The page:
How many of you have looked into the mirror and been disappointed with the reflection? How many of you have resented the reflection? How many have experienced a violent contempt with the reflection? Disappointment, yeah, I get that; but contempt and hatred, that is not right. I had a problem with self-loathing for a long time.
In my twenties, I didn’t even know I had a problem, I just thought that was the way I was. One moment I was trying to be confident and in control, the next moment I was filled with self-condemnation and guilt. I brought these emotional saboteurs into my marriage without realizing their influence and power. Although having children helped me focus on others than myself, it would become apparent that these components were not going anyway. Little did I know there was another element lurking around my dark emotional closet: shame.
When the beauty of my dreams was being suffocated by the ugliness of my reality, these powerful voices of self-loathing and contempt became loud and unrelenting. Eventually my marriage ended, and my family had a time of refuge and a fragile peace. However, when funds ran out and the neighborhood became dangerous, I moved in with family in hopes of resettling on the Peninsula. Little did I know I was fleeing the frying pan only to jump into the fire.
It was not a good fit, but there was no alternative at the time. Within three months of living with family members, I was so low that I felt I did not deserve to exist. I could not afford to live. I had absolutely no value whatsoever since I felt that value came from earning money, and I had none. I was on welfare, I had no current skills to get a job having been home for twenty years with kids. I was face to face with failure, economic hardship, and profound feelings of worthlessness. Nevertheless, without these realizations, I would not have experienced the greatest growth of my emotional life.
Around this time, I was reading Anne Lamott’s Traveling Mercies, and I read this quote, “You don’t have a soul. You are a soul. You have a body.” This truth sunk deep within in me and that is the point where I began my journey out of the pit of self-loathing toward a healthier self-respect. I blamed myself for so much, my husband’s drinking, my parents’ unhappiness, my kids’ suffering, etc. Typical Catholic guilt….but it wasn’t guilt, it was a shame so heavy and pervasive that it had invaded all areas of my life and was at the very center of my being, but I didn’t know that yet.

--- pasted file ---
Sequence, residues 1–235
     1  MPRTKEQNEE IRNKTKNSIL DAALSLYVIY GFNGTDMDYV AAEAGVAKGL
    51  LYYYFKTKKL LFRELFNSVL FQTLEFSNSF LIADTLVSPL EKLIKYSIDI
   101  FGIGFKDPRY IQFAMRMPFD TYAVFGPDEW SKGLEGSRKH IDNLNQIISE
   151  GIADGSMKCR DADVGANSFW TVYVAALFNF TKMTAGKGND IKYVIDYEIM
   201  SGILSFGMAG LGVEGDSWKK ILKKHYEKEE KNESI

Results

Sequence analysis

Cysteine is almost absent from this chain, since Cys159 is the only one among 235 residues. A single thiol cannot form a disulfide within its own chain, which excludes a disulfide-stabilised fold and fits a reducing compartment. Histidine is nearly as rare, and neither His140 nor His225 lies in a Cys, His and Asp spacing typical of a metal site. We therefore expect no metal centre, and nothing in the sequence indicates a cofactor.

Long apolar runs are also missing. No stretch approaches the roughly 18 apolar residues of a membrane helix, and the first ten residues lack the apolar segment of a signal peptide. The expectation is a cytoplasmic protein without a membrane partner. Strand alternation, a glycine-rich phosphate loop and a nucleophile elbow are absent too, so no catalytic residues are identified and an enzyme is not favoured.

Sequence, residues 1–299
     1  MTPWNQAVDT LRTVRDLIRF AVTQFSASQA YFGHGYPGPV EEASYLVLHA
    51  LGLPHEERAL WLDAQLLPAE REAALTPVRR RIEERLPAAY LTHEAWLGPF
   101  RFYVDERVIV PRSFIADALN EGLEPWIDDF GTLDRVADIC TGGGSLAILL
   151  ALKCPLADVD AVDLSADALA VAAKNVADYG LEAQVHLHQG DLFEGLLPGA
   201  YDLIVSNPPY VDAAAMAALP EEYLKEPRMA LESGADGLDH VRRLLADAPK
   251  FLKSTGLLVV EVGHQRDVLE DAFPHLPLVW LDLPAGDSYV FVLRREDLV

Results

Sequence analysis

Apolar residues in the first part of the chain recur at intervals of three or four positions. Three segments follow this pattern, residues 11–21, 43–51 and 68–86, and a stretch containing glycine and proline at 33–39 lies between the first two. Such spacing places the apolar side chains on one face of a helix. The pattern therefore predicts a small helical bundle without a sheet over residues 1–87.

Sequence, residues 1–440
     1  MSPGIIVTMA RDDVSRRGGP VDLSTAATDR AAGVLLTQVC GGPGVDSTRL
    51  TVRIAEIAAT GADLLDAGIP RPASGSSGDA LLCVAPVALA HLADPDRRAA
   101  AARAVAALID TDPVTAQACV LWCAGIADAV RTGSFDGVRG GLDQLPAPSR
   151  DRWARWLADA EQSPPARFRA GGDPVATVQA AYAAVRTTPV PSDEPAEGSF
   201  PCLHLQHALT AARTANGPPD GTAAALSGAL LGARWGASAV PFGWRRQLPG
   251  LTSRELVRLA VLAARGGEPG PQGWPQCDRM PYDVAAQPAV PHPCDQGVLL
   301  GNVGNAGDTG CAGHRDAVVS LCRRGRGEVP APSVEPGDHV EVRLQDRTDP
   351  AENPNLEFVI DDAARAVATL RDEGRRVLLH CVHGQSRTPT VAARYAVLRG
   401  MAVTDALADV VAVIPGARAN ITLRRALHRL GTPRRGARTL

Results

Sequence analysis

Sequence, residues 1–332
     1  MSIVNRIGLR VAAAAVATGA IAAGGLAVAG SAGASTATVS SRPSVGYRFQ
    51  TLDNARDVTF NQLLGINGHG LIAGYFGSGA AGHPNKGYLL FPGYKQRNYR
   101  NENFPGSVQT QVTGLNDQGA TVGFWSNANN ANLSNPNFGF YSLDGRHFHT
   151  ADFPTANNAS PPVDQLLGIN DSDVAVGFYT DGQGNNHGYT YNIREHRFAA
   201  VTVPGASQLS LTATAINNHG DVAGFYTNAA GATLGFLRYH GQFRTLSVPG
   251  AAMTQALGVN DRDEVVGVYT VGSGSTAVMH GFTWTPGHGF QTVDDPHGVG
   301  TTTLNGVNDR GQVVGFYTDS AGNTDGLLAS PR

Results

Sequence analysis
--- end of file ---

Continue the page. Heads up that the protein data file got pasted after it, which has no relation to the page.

Over the next year and a half, I gradually grew, I began to treat myself as if I were a close friend. I would never say to my friend the things I said to myself in the mirror. I stopped the mirror talk, and I began to grow.
One night, five years ago, my little girls and I were randomly quoting Scripture – something we never do – but it was fun. They had memory verses from school. Ellie quoted Zephaniah 3:17, “The LORD thy God in the midst of thee is mighty.” I had heard this verse before, but this evening it stuck and I reread the entire verse.
For the Lord your God is living among you.
He is a mighty savior.
He will take delight in you with gladness.
With his love, he will calm all your fears.
He will rejoice over you with joyful songs.
Zephaniah 3:17 – NLT
And what I could only call a moment of grace I could see God Himself singing over me in love in the same manner I express my love toward my kids. I could understand that from being a mom, and even better, I could feel it. It was an overwhelming moment.
Around the same time, I read Brene Brown’s The Gifts of Imperfection. When she started talking about shame, I realized how much of my emotional make-up was shame related, not just guilt. I finally could see it. I had been blind in shame for so long.
Not long after I read that book, one night, there was an argument going on at the house, and I went upstairs to help broker a peace, but only created a greater skirmish. I went downstairs feeling like I had always felt: crappy, worthless and unable, as a Christian, to make things right, better or even bring peace.
As I stood in the hallway, I had an epiphany. I came to the understanding that a lot of our family’s emotional dynamics were shame-related. A family member, unable to take responsibility for their actions, perhaps from their own pain no doubt, had, for years, shifted their shame and guilt to other family members including myself. I can’t tell you how earth shattering this illumination was. It was like that apron the dentist puts on you, the leaden one for x-rays, and that God took this leaden apron of shame off of me, and I floated to the the surface and breathed the fresh air of freedom and non-condemnation.
At the same moment, almost audibly, I could hear Paul’s glorious and resounding ruling from Romans: “Therefore, there is no condemnation for those is Christ Jesus.” I had been a Christian for thirty years, and that night I felt like a new Christian, I had been born again again, the decades seemed to fall away, and I was basking in the love and acceptance of the Heavenly Father.
Now I know what Paul means that there is no condemnation, no condemnation from the guilt of my own or others’ sins. I know now what it feels like to be loved by God and be freed from shame and guilt. Thirty years as a Christian and I never felt like I did on that December night. Oh what a night, O Holy Night!